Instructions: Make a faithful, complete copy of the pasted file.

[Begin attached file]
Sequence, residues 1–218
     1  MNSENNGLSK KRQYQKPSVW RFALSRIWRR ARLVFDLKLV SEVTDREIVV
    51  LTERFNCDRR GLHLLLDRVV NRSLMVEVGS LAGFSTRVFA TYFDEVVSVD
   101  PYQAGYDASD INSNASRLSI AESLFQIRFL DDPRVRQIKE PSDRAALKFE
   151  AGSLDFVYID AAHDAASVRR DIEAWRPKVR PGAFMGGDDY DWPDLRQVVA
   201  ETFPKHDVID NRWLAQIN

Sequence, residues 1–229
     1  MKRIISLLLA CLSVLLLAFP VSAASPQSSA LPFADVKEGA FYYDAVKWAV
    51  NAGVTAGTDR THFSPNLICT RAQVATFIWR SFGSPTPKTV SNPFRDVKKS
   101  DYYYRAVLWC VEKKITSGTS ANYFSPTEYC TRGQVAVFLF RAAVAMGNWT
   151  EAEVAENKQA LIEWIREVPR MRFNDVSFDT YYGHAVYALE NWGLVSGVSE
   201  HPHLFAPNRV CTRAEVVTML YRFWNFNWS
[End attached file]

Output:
Sequence, residues 1–218
     1  MNSENNGLSK KRQYQKPSVW RFALSRIWRR ARLVFDLKLV SEVTDREIVV
    51  LTERFNCDRR GLHLLLDRVV NRSLMVEVGS LAGFSTRVFA TYFDEVVSVD
   101  PYQAGYDASD INSNASRLSI AESLFQIRFL DDPRVRQIKE PSDRAALKFE
   151  AGSLDFVYID AAHDAASVRR DIEAWRPKVR PGAFMGGDDY DWPDLRQVVA
   201  ETFPKHDVID NRWLAQIN

Sequence, residues 1–229
     1  MKRIISLLLA CLSVLLLAFP VSAASPQSSA LPFADVKEGA FYYDAVKWAV
    51  NAGVTAGTDR THFSPNLICT RAQVATFIWR SFGSPTPKTV SNPFRDVKKS
   101  DYYYRAVLWC VEKKITSGTS ANYFSPTEYC TRGQVAVFLF RAAVAMGNWT
   151  EAEVAENKQA LIEWIREVPR MRFNDVSFDT YYGHAVYALE NWGLVSGVSE
   201  HPHLFAPNRV CTRAEVVTML YRFWNFNWS